Believe it or not, what you see in these last pictures is the culmination of 8 solid hours of work. Fabricating the bumper, installing it, cutting the support arms and attaching them is the sum total of today's efforts. All pretty cool. I noticed while taking pictures that I'm starting to accumulate some rust on my metal. Looks like it is the result of being handled by me. Once I get some more work done, I'll hit them with a wire brush and then give them a coat of primer to prevent further rust.

Thursday, February 6, 2014

MattMobile Roll Bar Progress

Not a whole heck of a lot accomplished today, though mainly because I ran out of gas for my welder. It was past 5:00 PM when it ran out, so I was unable to run to my local Praxair for a refill. I'll take care of that tomorrow.

My main focus today was working on the secondary roll bar. It was a little bit asymmetrical, and my brain just won't allow that. Two of the joints needed to be cut and re-welded, and one of the arms needed to be shortened. When I took this picture, there only remained a tiny bit of welding to do on the last joint.

I'm very happy with how this piece has evolved, though I think the takeaway message from it is that next time, I should just build a new one from scratch, rather than try to repair or modify an existing structure. Grinding down welds is REALLY time consuming and labor intensive. Not fun at all.

Wednesday, February 5, 2014

Han In Carbo Plexiglass Panels Cut and Purchased

While down in Lake Forest today on an errand, I stopped by my old pals at the Plastics place and got some plexiglass cut. They are super helpful and quick there, with the total trip lasting under 15 minutes.

If you'll recall earlier progress pics of my Han in Carbo, the side panels are missing and even worse, there are big open gaps there. This plex was cut to fit behind the side walls, and to cover up those holes.

Here you can see the plex I got today, along with one of my replica control panels.

Luckily, Vince Sanchez did a really great job of mastering the original fan made control panels I owned previously, and they were dimensionally very similar to the accurate Volvo panel. I will only have to modify the openings in the side walls slightly in order to fit the accurate panels. To be precise, I need to widen the small gaps where the lower tabs of the control panel goes. Each one gets and extra half inch of inward clearance. I will accomplish that with my dremel and files. Other than those two tabs, the panels fit quite nicely.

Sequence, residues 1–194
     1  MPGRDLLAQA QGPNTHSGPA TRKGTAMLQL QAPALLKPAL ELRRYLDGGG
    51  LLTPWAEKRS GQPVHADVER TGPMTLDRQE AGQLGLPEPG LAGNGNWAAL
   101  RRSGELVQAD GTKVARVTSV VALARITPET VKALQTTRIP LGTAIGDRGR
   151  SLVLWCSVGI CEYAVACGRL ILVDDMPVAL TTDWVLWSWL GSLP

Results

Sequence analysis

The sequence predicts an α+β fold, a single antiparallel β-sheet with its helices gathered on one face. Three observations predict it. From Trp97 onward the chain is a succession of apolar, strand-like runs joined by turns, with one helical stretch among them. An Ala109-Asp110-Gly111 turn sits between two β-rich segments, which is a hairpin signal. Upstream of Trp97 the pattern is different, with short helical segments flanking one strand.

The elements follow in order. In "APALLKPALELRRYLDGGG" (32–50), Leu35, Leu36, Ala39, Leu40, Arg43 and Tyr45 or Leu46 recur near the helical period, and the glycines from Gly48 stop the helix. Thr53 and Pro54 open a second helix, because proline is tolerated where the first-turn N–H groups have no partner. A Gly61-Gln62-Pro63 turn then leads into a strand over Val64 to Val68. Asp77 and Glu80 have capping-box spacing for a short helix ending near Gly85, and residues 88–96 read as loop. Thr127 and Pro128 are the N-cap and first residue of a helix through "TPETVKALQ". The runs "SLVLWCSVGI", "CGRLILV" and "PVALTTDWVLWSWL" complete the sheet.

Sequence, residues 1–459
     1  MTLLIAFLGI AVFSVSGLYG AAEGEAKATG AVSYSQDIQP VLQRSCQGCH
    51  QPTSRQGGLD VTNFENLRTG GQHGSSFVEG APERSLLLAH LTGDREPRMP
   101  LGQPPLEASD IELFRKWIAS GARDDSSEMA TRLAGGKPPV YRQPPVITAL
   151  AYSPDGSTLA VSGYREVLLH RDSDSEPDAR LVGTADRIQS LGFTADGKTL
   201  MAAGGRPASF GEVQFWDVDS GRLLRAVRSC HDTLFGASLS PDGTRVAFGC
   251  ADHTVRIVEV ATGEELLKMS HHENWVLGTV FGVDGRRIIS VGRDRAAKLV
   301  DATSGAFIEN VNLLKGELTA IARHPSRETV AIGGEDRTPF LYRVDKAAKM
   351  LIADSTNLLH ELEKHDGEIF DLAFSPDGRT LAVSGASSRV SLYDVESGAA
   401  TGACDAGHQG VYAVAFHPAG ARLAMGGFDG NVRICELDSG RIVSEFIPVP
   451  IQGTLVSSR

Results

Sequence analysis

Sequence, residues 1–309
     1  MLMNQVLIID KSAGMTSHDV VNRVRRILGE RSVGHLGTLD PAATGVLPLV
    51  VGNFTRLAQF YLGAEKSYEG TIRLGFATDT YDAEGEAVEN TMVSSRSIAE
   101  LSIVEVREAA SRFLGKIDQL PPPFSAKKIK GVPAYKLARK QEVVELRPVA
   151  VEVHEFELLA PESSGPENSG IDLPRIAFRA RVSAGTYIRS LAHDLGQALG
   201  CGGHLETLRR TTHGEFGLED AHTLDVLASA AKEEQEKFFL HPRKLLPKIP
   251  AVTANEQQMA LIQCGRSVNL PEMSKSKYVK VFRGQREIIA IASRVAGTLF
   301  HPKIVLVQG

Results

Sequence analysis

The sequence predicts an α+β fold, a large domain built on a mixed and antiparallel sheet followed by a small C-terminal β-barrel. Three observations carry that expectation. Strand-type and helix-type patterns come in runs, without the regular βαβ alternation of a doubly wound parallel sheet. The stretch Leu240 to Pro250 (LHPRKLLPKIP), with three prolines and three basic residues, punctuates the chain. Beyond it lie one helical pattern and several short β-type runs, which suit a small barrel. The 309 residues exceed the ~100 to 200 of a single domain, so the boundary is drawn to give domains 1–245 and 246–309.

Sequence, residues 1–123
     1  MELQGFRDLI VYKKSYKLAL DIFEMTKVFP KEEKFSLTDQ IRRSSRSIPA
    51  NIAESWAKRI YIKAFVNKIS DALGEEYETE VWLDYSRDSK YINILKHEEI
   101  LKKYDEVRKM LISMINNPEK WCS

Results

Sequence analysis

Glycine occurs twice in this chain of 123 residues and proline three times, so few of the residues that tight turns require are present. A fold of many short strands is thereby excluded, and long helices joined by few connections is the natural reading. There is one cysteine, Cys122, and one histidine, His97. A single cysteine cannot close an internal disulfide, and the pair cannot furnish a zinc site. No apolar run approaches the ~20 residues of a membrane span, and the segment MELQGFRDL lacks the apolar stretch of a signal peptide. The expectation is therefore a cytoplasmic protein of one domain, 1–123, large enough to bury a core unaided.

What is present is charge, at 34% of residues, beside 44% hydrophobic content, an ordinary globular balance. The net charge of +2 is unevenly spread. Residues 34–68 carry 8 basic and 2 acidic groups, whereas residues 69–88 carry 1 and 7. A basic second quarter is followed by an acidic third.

Next step will be to finish filing out the openings so that the accurate control panels fit, gluing in the new plex panels, then attaching the control panels to them. Probably only a day of work, but the trick will be finding the time to do it.

MattMobile Shell is Now Mounted

The really big news for this blog post, and perhaps for the build in a long time, is that the shell is now mounted to the chassis! It is now sitting in place without the support of wooden blocks or the lift. It's just... there. Right where it needs to be. A grand total of 10 separate support arms were built and welded into place. Once I got cooking on this process, it came together fairly quickly, but it was still a heck of a lot of work.

This picture shows the drivers side of the body, and please note how there are no wooden blocks under it. Once I removed all of the blocks that were PREVIOUSLY holding it in place, the body fell into position nicely. Previously, load bearing sections of the body would flare out as the weight of the shell sagged on them. now that all of the weight is being supported by strategically mounted points, the body falls much more handsomely.